Image of Deity who   blessed the Thakur with the wisdom sword

Image the wisdom sword

Pile of  Thakurs arrows

According to the Thakur this sword was given to one of his ancestors by His Holiness Dalai Lama when that ancestor had fled to Tibet sick of the designs of the local people. This sword seems to have been built in the Toledo technique of spain. This technique is stated to be superior to the Sheffield technique. In Toledo thin steel wires are beaten with a hammer to obtain the desired shape of a sword or other like weapon. One can really observe thin lines in the length of the sword. Earlier this sword was never shown to the outsiders but now an insistent visitor can see this prize sword of the Thakur.

Distant view of Gompa of Gondala

The village gompa is of historical importance. Every year in the month of July a fair is held for two days. On the first day the famous Chham  or devil dance is enacted. Large number of people turn out to witness the performance.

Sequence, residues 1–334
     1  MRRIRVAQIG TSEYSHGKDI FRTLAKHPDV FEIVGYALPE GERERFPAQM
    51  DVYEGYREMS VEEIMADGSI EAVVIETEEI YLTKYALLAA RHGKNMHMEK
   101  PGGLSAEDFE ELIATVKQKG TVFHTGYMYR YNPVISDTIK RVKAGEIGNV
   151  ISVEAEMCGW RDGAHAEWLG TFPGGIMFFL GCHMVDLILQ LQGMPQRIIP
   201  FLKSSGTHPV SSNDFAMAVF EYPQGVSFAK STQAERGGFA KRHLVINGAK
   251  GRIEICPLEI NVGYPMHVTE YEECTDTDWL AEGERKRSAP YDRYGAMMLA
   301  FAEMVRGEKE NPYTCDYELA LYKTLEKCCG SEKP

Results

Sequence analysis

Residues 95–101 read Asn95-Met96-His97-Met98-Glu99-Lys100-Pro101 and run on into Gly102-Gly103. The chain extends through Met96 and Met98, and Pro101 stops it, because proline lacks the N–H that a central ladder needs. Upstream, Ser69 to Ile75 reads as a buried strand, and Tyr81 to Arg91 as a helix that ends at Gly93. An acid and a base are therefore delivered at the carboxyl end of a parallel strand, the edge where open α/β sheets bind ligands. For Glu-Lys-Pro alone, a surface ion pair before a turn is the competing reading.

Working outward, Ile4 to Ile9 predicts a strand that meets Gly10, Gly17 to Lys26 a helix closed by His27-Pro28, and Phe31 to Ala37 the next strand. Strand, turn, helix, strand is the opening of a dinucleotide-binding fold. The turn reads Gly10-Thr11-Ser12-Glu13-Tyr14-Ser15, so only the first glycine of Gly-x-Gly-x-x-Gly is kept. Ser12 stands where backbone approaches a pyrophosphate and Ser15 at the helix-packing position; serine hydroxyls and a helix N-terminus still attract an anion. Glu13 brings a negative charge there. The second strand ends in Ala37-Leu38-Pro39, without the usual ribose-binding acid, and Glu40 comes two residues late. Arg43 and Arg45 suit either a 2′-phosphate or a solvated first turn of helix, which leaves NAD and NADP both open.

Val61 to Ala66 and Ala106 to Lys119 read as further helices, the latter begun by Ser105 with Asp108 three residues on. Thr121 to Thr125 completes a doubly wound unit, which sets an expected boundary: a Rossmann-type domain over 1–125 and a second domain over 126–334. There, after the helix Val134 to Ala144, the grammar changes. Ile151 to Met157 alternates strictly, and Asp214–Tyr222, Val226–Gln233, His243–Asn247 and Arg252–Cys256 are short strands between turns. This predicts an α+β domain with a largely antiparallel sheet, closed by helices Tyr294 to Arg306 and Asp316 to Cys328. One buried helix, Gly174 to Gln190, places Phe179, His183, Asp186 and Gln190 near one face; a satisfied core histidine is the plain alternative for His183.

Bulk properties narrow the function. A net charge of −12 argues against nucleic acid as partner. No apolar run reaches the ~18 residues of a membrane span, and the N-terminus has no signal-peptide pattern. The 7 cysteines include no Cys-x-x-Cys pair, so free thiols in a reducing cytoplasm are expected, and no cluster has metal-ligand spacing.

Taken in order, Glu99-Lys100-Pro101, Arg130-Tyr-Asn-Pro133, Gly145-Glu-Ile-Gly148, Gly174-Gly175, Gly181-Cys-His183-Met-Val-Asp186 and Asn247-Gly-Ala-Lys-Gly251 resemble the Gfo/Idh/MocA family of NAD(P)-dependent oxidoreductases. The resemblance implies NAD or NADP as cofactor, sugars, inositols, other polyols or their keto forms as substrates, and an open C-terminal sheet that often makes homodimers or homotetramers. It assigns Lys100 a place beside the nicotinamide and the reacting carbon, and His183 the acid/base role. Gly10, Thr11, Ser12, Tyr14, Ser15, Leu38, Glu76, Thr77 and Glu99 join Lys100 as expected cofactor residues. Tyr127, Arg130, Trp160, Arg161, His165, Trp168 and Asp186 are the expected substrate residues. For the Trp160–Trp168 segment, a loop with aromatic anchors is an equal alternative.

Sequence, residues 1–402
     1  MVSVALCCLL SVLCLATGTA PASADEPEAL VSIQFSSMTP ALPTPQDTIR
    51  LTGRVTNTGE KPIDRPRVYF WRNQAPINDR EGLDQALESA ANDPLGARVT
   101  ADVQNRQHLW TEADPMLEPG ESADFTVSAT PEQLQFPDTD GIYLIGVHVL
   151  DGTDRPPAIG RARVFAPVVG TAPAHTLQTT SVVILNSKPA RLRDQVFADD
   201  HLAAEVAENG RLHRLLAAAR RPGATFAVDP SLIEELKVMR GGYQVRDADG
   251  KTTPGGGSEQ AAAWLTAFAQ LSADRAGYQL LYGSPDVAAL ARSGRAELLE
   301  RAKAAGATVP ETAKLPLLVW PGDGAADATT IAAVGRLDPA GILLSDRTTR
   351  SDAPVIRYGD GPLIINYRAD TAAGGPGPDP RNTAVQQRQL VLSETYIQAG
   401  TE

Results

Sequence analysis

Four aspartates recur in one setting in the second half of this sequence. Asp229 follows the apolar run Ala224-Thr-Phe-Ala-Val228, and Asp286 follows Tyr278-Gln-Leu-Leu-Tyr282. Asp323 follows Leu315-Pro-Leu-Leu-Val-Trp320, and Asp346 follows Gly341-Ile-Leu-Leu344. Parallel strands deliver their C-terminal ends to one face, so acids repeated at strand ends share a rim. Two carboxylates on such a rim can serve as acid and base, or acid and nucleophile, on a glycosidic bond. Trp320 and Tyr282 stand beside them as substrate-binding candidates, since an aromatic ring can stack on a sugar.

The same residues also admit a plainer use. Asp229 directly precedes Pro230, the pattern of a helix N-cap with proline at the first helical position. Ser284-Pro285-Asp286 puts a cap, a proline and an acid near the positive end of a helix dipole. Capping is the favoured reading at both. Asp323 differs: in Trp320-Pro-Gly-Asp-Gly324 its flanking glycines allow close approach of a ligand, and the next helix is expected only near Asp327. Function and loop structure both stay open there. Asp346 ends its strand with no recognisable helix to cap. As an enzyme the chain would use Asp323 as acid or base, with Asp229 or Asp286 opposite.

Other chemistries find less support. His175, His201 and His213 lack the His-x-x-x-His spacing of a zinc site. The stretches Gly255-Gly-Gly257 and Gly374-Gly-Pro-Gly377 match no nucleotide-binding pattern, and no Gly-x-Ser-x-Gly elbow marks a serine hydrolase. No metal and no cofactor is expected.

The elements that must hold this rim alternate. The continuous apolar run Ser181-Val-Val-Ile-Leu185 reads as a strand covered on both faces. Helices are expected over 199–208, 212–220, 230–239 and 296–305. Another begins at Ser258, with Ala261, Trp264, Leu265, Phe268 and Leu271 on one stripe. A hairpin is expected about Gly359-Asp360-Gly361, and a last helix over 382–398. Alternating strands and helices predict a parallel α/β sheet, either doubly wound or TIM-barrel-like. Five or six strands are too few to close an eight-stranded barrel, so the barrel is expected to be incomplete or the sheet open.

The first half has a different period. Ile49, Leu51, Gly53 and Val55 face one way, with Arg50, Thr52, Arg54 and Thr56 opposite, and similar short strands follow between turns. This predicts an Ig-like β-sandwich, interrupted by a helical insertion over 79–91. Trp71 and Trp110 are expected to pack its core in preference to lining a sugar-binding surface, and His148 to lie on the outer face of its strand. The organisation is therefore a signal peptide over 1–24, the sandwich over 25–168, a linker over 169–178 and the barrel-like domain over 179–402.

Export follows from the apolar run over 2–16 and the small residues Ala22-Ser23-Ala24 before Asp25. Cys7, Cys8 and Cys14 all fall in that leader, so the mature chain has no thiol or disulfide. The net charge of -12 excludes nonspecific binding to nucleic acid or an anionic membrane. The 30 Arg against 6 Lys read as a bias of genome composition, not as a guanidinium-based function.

Near the Govt School there is a boulder bearing greater than life size rock carvings of some deities. Local people ascribe the work to the Pandavas of the great epic the Mahabharata. But these figures resemble some Buddhist deities, which is yet to be ascertained.

 In Gondhla there is a P.W.D. rest house which is surrounded by willows. No eating joint is available in the village.

TANDI




Confluence of Rivers Chandra and Bhaga


After the Confluence  the  River is called Chardbagha (Chenab)


The village is situated above the confluence of the rivers Chandra and Bhaga in the Pattan valley some 7 kms away from Keylong. Revenue and settlement records reveal that Tandi was founded by Raja Rana Chand Ram under the name of Chandi which over the years got corrupted into Tandi.